Last week, Georgia Republicans passed a radical new law designed, as the New York Times put it, “to restrict voting access in the state.” The bill, which some have referred to as Jim Crow 2.0 for the disproportionate effect it will have on Black voters, was signed by a white governor surrounded by six white men beneath a painting of a former slave plantation.
In this exclusive three-minute clip from the March 26 episode of Straight White American Jesus, hosts Bradley Onishi and Daniel Miller discuss the mindset that enables such blatantly anti-democratic and racist policy. RD will be collaborating with SWAJ to regularly bring you exclusive audio clips and transcripts on Christian nationalism, “conversion therapy,” purity culture, and more, all of which can be found here. — eds
Bradley Onishi: Here’s what happened in Georgia. A lot of people of color got together and they thwarted what seemed to be an insurmountable white Christian nationalist majority. They helped to vote out Trump. They elected a Black man and a Jewish man to the Senate.
They flip the Senate in the process. And so guess what we’re going to do? Scorched earth. We are going to restrict voting in any way we have to. Even if that means putting people who are offering folks in line water or arresting one of the few Black women in a very public and very open ‘perp walk‘ after she did nothing else but knock on the door to the governor’s office.
Dan Miller: Unfortunately I guess, especially in Georgia, you can add ‘legislating while Black’ to the list of things that white supremacy will have you arrested for if you’re a person of color in the country.
It’s easy for people to look at this and say like, when they say that it’s Jim Crow in a suit and tie as if it’s hyperbole, right. And this is one of the benefits of the way that… the white supremacists and white nationalists and Christian nationalists have told the American story, right? Is they take things that they opposed in the past that are now a lost cause, and then act as if they were great ideas and they achieved everything that needed to be achieved.
So all the people that hated MLK [Dr. Martin Luther King Jr.] when MLK was alive and was active and so forth, once it’s clear the impact that he had on the country—and obviously not just MLK, but everything’s sort of attached to the African-American Civil Rights Movement—you now say, Oh, well, man, that was really important that that happened. I’m glad that’s behind us. Right? And: glad we’re not racist anymore. Or you take a president in Barack Obama whom you hated because he’s Black and how dare a Black man rise above himself to become president of the United States. But now that he is: hey, we’re in a post-racial society, right?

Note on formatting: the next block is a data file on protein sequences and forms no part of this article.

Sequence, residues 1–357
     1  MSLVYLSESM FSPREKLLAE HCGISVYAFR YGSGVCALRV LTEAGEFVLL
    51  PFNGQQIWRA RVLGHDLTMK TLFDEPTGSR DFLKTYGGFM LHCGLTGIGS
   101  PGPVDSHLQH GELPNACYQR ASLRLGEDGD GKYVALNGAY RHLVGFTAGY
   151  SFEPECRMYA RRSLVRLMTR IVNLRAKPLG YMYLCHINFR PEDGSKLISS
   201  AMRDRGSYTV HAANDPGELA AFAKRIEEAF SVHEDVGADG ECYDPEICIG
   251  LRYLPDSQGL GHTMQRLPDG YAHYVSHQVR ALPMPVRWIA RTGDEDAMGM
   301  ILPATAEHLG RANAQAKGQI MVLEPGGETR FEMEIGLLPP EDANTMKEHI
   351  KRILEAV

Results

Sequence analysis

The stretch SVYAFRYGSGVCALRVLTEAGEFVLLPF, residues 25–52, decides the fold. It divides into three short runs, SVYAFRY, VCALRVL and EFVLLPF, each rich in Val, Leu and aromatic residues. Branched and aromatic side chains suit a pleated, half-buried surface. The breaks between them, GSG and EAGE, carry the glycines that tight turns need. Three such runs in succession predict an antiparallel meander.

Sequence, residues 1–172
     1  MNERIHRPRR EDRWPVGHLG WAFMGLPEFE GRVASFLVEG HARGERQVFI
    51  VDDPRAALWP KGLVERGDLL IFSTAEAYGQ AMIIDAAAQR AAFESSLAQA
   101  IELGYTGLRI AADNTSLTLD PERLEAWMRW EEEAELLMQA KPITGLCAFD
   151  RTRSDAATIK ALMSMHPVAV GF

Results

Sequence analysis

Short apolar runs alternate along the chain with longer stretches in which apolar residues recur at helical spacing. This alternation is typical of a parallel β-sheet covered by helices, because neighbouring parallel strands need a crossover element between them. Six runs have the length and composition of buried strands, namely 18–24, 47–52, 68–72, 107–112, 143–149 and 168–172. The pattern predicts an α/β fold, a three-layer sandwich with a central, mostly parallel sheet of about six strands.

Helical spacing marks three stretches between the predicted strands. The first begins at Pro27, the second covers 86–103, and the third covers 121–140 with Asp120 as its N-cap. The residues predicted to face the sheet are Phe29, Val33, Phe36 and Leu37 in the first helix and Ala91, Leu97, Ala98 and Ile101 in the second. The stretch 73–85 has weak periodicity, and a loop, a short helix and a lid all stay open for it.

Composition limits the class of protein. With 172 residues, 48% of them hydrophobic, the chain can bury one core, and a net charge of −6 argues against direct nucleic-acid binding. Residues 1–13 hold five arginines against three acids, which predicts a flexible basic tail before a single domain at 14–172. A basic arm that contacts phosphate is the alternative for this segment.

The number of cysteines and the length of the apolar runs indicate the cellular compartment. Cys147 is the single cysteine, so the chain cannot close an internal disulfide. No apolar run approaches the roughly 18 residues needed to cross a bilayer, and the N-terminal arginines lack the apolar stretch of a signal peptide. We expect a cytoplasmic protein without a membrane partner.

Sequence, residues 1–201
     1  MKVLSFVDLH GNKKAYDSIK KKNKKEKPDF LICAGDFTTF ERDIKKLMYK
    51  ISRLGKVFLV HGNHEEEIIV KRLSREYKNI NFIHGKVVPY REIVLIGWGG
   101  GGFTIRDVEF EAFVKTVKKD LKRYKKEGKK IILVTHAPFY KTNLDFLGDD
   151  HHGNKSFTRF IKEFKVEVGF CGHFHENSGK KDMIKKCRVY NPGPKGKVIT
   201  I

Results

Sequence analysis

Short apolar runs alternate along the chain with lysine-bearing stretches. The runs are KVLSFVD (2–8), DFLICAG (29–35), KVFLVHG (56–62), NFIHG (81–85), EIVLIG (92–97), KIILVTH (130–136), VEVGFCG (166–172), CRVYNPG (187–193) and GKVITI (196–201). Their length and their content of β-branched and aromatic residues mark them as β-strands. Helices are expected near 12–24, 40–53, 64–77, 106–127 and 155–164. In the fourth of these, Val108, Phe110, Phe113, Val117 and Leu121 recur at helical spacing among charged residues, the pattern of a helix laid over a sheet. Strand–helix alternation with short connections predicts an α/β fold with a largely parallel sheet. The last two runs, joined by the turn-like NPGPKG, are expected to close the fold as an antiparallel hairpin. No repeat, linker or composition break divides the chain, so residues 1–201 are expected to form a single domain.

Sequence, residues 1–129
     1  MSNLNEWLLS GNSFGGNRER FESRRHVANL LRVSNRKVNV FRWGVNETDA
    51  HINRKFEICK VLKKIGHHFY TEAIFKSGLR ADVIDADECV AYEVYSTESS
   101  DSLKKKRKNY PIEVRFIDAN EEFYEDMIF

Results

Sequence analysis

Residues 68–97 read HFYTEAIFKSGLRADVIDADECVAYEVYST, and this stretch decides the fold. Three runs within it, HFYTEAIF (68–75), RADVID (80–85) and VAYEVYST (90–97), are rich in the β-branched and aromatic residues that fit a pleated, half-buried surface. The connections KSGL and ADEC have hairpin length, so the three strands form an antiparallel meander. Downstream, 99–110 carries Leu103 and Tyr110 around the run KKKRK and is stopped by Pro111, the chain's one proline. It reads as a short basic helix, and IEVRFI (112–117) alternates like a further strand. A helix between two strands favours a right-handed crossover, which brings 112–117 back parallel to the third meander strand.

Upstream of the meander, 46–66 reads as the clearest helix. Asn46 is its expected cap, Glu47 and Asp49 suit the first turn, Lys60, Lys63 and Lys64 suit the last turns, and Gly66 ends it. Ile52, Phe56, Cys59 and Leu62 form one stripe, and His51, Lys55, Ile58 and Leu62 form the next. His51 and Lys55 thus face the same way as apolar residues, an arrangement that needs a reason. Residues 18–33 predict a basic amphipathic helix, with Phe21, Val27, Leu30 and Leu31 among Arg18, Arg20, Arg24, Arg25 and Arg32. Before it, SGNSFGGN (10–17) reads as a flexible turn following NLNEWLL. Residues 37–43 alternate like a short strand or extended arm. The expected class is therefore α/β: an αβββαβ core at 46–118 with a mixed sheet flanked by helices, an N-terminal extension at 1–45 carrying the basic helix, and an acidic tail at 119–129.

Like: how can you, how can you argue we’re racist? We had a Black president, you know, so that when you go on to do things like this, it becomes sort of conceptually impossible that it could be raised. Like: we’re post-racial how can you possibly say that this is racist, right?
We do that under… how can you possibly call me, a Georgia legislator, racist for supporting this or Jim Crow when we know that Jim Crow’s in the past, and it was a terrible mistake and we need to stop talking about it and focusing on it so much, right? We get this notion that it’s hyperbole, but the other metaphor for this is the proverbial frog in the pot of water, right? That you just slowly increase the temperature, and by the time the frog realizes he’s in trouble it’s way too late. That’s kind of how this works and that’s, that’s where we are.
And just an example of this, that, that notion that uninformed voters shouldn’t be able to vote; setting aside the issue that people will dismiss, like real civics lessons is not being, you know patriotic enough or whatever, I’ve just asked people to compare that to literacy tests. Right, like one of the most sort of classic emblematic notions of even before Jim Crow, but then after Reconstruction and all of that with Jim Crow literacy tests. If you can’t read, you can’t vote. Well now it’s like, if you can’t give the right civics answers or something like that, you’re not going to be able to vote.